I went into this film as a blank slate - someone completely unfamiliar with Ayn Rand and her philosophy. I am aware that there are a number of people who cite her novel Atlas Shrugged as a life-changing blue print for living and society and others who dismiss it as complete bilge with incredibly destructive properties. I cannot attest to how faithful this film remains to the source novel, but I can attest to the fact that it is an utterly deadening, mind-numbing and thoroughly unenjoyable viewing experience. If I understand the gist of the Rand philosophy embodied in Atlas Shrugged, it seems to be that personal self-aggrandizement, selfishness and greed are the most important aspects of society and should be encouraged, while the average working man is so much forgettable dross to be dismissed and trod over. I believe Michael Douglas encapsulated this in a memorable speech back in 1987s Wall Street. It only took him a moment to convey it, whereas it takes Atlas Shrugged the entire film (plus a projected two more) to convey the exact same message. If I am incorrect about the Rand philosophy, then blame the film as those I went with came away with the same impression. I find it deeply disturbing that anyone finds this lunacy a blue print for society. The story is pretty much a bunch of nonsense about uncompromising glacial blond Dagny Taggart teaming with Hank Reardon to build a new high speed rail system in the US against the obstacles placed there by the villainous government regulations. Anyone who disagrees with Dagny and Hank are depicted as either weaklings, villains or preferably both. The story is purportedly set in the near future, but it is utterly laughable because it seems to exist in a hermetic bubble that has no relation to the world we actually live in. The fact that so much of the story depends on the success of high speed rail transit is ironic considering that conservatives, libertarians and Randians alike are currently trying to throw assorted obstacles into the path of such a plan currently being developed. The lunacy the film spouts about regulation and Big Government is pure hilarity considering that regulation has become progressively extinct in the US since the 1980s and it has proved to be to the detriment of the country not to its success. The film fails to mention anything about such modern conveniences as the internet and mentions nothing about the progress of other industrialized nations. Whereas we are currently looking at a corrupt government weakened by corporate brown-nosers answering to the highest business bidder, Atlas Shrugged seems to present such a thing as a utopia. The film looks suspiciously like a made for TV movie, but made on the cheap. The cast is a wash-out with an array of unknowns and barely familiar faces trying to invest some degree of passion or emotion into the proceedings to little success. Taylor Schilling is hopelessly out of her element in the central role and she is ill-supported by the remainder of the cast. Director Paul Johansson casts himself as the elusive John Galt, an enigmatic mystery man behind the disappearance of the supposed cream of the crop in business, but this plot thread is so uncompelling as to be rendered comatose. Laughably, despite the reported nadir of the country in the film, everyone we meet is wealthy, well-to-do, dressed to the nines and impressed with themselves to the nth degree. The "action" is basically a series of business meetings set in different random places. If you think your average staff meeting is provocative and sexy, then this is definitely the film for you. Imagine an episode of Dallas or Dynasty with lower production values, an absence of the campy characters that make the shows a guilty pleasure, and completely set in boardrooms/meeting areas and you have Atlas Shrugged down pat. Considering one must imagine the producers had some degree of passion to bring this to the screen, it is woefully absent on screen. The film lumbers to an exhilarating crescendo wherein we see people ride a train...quickly. This realization of this dream is so much for Dagny and the married Hank that they must consummate their romantic ardor in a scene with all of the erotic splendor of a memorandum. The complete ennui which dogs this film leaves the viewer soporific by the time it grinds to a halt. Based on this initial effort, one can only wish that the world will not be victimized by Parts 2 and 3. As drama, it fails miserably. As a propaganda piece, it is more stillborn than the least interesting story from Pravda. As a life-changing film, one can only pity those who feel there is something of depth or worth here. Over the weekend I decided to give Rand another chance and caught The Fountainhead with Gary Cooper and Patricia Neal. The story was more nonsense which is purportedly about an uncompromising architect, but seems much more interested in jackhammers plunging into the earth while Patricia Neal lasciviously looks on posing provocatively in her impressive foundation garments next to the sky. It was foolish, but you know what? At least the overt sexuality was fun and Neal was amazing looking, both ingredients missing from this rotten mess.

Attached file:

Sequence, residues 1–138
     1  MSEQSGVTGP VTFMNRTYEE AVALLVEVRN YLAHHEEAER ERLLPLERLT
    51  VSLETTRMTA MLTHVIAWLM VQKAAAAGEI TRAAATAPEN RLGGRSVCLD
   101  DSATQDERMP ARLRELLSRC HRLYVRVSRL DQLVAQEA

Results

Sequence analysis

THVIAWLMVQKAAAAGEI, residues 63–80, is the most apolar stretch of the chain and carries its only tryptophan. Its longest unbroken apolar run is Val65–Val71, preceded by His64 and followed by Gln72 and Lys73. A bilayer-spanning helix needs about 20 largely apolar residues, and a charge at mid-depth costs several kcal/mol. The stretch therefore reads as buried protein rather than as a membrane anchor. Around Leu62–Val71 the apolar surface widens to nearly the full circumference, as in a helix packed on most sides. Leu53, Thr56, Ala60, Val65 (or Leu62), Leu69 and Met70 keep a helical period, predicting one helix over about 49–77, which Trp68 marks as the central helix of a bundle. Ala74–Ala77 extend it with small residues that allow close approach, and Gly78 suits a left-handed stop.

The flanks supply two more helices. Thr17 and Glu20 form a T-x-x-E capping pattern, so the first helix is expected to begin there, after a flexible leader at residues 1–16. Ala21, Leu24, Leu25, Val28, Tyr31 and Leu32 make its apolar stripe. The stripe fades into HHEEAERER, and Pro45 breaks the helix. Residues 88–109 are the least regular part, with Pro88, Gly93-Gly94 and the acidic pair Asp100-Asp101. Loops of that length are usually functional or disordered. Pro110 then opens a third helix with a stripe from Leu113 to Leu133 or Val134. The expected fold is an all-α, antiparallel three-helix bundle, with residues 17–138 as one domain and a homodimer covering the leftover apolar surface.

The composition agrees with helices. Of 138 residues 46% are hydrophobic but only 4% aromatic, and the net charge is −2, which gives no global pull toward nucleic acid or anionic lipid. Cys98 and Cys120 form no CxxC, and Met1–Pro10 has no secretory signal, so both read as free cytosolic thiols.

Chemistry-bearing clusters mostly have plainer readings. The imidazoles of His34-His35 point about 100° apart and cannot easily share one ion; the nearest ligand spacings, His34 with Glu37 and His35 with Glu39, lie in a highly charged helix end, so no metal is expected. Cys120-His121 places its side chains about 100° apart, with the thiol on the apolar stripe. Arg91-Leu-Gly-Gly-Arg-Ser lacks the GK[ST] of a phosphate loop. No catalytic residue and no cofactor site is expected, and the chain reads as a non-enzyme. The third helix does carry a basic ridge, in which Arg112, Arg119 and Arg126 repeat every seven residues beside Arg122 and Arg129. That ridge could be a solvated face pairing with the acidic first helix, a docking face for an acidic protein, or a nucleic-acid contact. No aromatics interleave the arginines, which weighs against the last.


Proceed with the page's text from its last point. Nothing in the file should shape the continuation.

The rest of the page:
Reviewed by kira02bit 1 / 10 / 10